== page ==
At the invitation of Joe Laurenzi of the Los Osos Public Library, CCAS astronomers held a very successful star party featuring the first quarter Moon and Jupiter. Attending for CCAS were myself with my 12 “ Orion Intelliscope, Joe Carro with his 11” Celestron, and Tom Frey with the big boy-his 18” Obsession Dob.
We set up our telescopes in the parking lot where Mr. Laurenzi set up tables and provided cookies and cider. Acting as host Mr. Laurenzi greeted the party attendees and counted at least 50 people. A couple of visitors saw the ad for this event on the CCAS website and drove out from Fresno to attend!!
We had a good mix of kids and adults including several schoolteachers and a fair number of people that had never looked through large scopes before- lots of “Ooohs and Ahhs” Thursday night. It never fails to give a thrill when a youngster gets a good look and rewards us with a “Wow!”. We had lines of people at all three of the scopes. And many of them got to see the same objects through all three to see the difference of performance between different scopes.
Each of us approaches these objects from a slightly different perspective and I think guests come away with a better understanding as a result. While I was giving the constellation tour there was one youngster that was obviously well conversant with Greek Mythology and I let him explain the mythology of Medusa and the “Clash of the Titans” connection- getting the guests participating with us as well as observing.
So what did we see?
Thursday was one of those clear nights with good seeing. The moon was just past first quarter with the terminator running past the central craters. During the early part of the evening only the rim walls of Ptolemaeus was lit. But barely a an hour and a half later later the sun was illuminating the crater floor with the shadows from the rim wall thrown into sharp relief. I can visualize Galileo first seeing this in 1609. Alphonsus was spectacular -initially looking like a bulls-eye with only the crater rim and the upper reaches of the central peak lit. Just like Ptolemaeus the floor was illuminated later in the evening. A classic demonstration of the shallowness of lunar craters relative to their diameter. Guests are always surprised at just how shallow these really are. And of course we showed the Apollo 11 Landing Site.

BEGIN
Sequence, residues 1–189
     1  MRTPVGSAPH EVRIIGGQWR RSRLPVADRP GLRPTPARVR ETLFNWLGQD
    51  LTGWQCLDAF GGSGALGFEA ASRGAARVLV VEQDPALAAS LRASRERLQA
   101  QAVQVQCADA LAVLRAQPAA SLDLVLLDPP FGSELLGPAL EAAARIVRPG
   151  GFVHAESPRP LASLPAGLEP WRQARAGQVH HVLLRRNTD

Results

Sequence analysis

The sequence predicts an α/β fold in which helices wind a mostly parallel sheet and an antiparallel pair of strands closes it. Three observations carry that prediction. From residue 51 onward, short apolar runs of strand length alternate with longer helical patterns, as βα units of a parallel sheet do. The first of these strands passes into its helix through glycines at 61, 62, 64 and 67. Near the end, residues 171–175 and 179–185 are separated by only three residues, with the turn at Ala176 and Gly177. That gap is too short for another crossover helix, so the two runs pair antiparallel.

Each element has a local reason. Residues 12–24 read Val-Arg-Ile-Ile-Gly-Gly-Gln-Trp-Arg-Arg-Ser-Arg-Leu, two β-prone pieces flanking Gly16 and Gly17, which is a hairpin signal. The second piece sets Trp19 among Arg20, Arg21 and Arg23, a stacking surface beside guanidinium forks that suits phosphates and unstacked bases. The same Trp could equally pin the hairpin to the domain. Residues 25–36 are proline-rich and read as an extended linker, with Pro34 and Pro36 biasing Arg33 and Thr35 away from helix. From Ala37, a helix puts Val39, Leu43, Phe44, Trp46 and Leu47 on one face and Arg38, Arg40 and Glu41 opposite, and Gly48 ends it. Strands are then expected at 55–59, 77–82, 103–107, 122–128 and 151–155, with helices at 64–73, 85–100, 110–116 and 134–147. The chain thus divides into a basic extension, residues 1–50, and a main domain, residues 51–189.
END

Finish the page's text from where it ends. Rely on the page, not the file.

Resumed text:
And then on to Jupiter. This one got more of the Oh’s and Ahhh’s than the Moon. Firstly when people realized that those “stars” were really moons. Then again when they realized that were were seeing the cloud banding on Jupiter. All four Galilean moons were visible with Europa beginning transit just after 8:00 PM. Joe Carro gave a really nice lecture on Galileo and the moons. I put on my astrometric eyepiece and explained how it could be used to measure the size of various features and the planet itself. I had to move my scope a couple of times when Jupiter started to go behind the trees. Joe Carro had the best position for Jupiter. He was still able to see it after Tom and I had to move on to other objects.
We didn’t neglect the rest of the sky either. We all showed the Orion nebula-always a nice view with the Trapezium and the Fishmouth. Hmmm-a new asterism with the Trapezium as a fishhook and the dark Fishmouth taking the bait?
Tom gave a really nice explanation of M42 and his purchase of his 18” because of this stellar nursery. A little later Tom pointed his scope at M82 and the Andromeda Galaxy-always neat things to see.
Joe spent quite a while showing people Mintaka and explaining binary stars and showing the constellations with his pointer.
And I got a three-fer. I showed people Polaris. With the astrometric eyepiece the companion to Polaris was easily visible so I got to plug Tom and Joe’s double star expertise too. And I got to explain Cepheid variables and the Period-Luminosity relation.
I would like to give a thank you to Joe Laurenzi for inviting us to his Library. All three of us had a very good time and so did the guests.
Oh yes- The cookies and cider went fast and I broke the new equipment jinx-at least for one night. My new Celestron Microguide eyepiece came in Wednesday and Thursday was first light!
Clear skies and dark,
David W. Majors
P.S. From Tom Frey: Last night’s star party at Los Osos Library was a great success. Joe, the librarian, said he estimated 75 people, mainly families with small children, showed up. I never even got off of the Moon! I have attached a few photos I took early on during set up but had no chance once folks started arriving to take more. Dave Majors, Joe Carro and I had our scopes out for about 2 hours.